Chapter 25  

“Never bothered with the pond myself,” bumbled the  Wing Commander through a mouthful of toast, as he stood by the range in the kitchen of Deepcroft Farm.

“Prefer Salmon fishing on the Teme myself. And a spot of shooting too. Have to keep the rabbits down and all that; and we get the occasional mink passing through as well. Shot one of the blighters only last week. My god, they can do some damage.”

   Wing Commander Guy Morgan, retired, now mine host of a comfortable Bed and Breakfast near Tenbury Wells in Worcestershire, sipped a mug of tea and moved to clear our breakfast dishes from the huge oak kitchen table. He then passed them to his neatly coiffured wife, Gaynor, who had prepared a splendid full English breakfast for my wife, daughter, son and I.

“If you really want to try the pond you are welcome to do so, but I’m not sure you will be very successful.”

“What’s in it?” I queried inquisitively. The Wing Commander blew out his cheeks, fingered his bushy grey moustache, and cogitated for a few moments.

“Certainly little rudd and a few perch. Probably a tench or two as well.”  

 “Any carp? “I asked hopefully. The ex-RAF pilot paused for thought again, his eyebrows crinkling.

“Not that I know of.”  But as he crossed the kitchen he remembered another species and spun on his axis. “Well, when I say there’s no carp, I mean big carp. There are little ones, gold-coloured things about the size of my hand.”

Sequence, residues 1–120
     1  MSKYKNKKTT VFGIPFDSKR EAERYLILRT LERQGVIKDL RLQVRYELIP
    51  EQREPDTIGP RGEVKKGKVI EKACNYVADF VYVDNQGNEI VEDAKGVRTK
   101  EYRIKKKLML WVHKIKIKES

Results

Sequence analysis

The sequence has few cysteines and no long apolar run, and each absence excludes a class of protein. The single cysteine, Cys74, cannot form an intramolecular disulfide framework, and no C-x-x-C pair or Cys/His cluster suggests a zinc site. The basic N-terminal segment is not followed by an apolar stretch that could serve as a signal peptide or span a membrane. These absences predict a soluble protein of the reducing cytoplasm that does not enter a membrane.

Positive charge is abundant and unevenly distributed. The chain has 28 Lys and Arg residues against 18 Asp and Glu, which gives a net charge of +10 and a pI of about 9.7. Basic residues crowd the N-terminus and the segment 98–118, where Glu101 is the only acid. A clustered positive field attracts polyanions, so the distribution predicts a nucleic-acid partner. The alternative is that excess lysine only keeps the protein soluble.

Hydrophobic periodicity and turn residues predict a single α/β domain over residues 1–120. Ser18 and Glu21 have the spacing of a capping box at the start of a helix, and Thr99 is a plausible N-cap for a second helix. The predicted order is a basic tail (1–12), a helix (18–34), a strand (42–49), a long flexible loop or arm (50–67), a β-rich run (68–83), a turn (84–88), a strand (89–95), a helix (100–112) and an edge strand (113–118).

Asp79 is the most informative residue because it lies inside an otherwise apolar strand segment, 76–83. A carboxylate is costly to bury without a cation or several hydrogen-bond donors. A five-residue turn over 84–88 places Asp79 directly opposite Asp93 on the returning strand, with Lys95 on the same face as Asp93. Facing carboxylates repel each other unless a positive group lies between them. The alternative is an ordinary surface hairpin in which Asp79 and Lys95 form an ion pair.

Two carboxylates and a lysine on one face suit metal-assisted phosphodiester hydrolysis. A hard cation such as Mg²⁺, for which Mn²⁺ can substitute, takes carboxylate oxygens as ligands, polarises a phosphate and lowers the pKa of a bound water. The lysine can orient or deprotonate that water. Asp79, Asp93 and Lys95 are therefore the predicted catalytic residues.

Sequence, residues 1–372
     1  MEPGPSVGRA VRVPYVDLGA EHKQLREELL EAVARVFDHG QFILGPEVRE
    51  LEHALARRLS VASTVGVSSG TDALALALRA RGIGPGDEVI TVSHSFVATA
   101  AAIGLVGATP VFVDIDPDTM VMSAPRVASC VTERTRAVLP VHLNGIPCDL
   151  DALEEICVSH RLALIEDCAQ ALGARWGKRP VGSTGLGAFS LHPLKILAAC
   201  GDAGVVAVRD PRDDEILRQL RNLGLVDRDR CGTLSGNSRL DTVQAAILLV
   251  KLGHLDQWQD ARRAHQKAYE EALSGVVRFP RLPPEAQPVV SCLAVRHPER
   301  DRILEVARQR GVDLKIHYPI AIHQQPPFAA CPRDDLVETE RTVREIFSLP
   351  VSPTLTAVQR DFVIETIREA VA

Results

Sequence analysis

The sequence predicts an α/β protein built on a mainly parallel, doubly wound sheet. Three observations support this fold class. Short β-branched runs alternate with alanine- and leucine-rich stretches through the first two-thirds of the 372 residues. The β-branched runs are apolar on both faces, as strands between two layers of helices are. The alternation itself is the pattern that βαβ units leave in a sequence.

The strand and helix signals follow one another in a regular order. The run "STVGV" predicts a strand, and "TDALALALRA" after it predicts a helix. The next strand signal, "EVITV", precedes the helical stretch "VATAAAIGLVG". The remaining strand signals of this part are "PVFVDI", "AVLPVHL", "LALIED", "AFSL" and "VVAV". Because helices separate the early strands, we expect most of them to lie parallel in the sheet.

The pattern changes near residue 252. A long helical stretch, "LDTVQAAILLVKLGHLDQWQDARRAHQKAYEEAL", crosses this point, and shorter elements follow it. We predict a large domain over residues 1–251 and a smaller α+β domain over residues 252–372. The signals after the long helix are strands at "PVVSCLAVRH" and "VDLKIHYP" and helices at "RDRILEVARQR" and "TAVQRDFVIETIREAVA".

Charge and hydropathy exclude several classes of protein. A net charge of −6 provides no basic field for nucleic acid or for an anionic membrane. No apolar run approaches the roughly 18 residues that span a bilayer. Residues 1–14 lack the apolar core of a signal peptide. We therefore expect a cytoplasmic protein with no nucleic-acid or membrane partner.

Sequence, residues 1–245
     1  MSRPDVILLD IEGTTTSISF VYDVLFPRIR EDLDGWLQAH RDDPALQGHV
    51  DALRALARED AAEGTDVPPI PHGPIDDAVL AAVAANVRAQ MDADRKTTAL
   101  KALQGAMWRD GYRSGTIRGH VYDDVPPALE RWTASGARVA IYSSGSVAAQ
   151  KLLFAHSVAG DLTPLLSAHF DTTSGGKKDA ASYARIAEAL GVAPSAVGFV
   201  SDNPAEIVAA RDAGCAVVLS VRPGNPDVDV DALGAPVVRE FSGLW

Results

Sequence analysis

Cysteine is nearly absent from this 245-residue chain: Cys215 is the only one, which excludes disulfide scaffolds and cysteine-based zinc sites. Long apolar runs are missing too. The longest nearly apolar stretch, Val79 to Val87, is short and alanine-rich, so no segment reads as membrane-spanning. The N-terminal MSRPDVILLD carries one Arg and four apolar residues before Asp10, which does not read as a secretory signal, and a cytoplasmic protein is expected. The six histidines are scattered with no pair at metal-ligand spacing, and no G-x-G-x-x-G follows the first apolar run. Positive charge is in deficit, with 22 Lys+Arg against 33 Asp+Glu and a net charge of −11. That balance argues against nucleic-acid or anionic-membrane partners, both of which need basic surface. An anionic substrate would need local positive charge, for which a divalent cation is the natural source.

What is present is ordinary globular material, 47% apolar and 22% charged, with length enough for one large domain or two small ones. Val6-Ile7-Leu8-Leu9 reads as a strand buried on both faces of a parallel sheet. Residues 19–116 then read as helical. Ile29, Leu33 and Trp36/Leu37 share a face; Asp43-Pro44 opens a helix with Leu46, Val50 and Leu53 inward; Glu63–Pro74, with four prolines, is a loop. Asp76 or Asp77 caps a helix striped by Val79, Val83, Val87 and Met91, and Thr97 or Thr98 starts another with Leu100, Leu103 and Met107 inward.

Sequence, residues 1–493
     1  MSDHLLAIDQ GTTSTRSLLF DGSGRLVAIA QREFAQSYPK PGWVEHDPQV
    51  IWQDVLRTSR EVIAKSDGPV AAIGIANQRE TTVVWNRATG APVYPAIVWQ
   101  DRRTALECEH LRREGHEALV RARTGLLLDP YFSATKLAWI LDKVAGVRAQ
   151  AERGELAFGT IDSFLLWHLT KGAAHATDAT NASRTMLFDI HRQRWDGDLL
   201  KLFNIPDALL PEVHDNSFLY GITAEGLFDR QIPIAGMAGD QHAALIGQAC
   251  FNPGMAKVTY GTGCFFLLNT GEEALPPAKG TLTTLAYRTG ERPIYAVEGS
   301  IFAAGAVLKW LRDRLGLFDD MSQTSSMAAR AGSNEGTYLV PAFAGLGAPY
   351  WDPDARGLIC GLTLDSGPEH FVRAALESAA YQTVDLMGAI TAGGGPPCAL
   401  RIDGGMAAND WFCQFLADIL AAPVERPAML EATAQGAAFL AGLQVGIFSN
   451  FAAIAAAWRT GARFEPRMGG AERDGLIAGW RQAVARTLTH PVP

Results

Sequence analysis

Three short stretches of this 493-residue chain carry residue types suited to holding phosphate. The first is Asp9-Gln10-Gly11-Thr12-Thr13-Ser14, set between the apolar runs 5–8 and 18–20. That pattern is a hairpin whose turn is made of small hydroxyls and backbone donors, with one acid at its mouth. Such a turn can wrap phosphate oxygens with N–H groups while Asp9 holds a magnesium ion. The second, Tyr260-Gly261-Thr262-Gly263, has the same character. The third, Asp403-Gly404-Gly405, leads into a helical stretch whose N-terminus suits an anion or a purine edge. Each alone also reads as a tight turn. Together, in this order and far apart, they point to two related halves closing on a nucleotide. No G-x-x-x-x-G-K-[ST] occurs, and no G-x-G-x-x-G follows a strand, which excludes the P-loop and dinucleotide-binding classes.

“Crucians?” I suggested helpfully. “Yes, that’s them, crucians. I do believe you are right Sir!”

   Armed with this meagre information, my son Mark, then a mere 10 years old, and I decided to fish the farm pond that evening. Without the benefit of a convenient fishing tackle shop, I bought some white bread, corn, and luncheon meat in the village shop to supplement the worms I had dug in the compost heap at the rear of the farmhouse garden. After donning our Wellington boots and gathering the rods, creel, nets and two folding chairs we set off down the mud-splattered lane with high, neatly trimmed hedges that separated our route from the adjacent apple orchard.

   At the end of the track a drooping metal gate, secured by orange rope, barred the way into a field full of cows. Climbing over, as instructed, we made our way across a field peppered with mighty Oaks, under the suspicious gaze of the cows, towards a wooded enclave that hid in its midst an exquisite, reed-fringed, pear-shaped, pond, no more than a third of an acre in size, seemingly choked with pondweed and some white water lilies at one end only.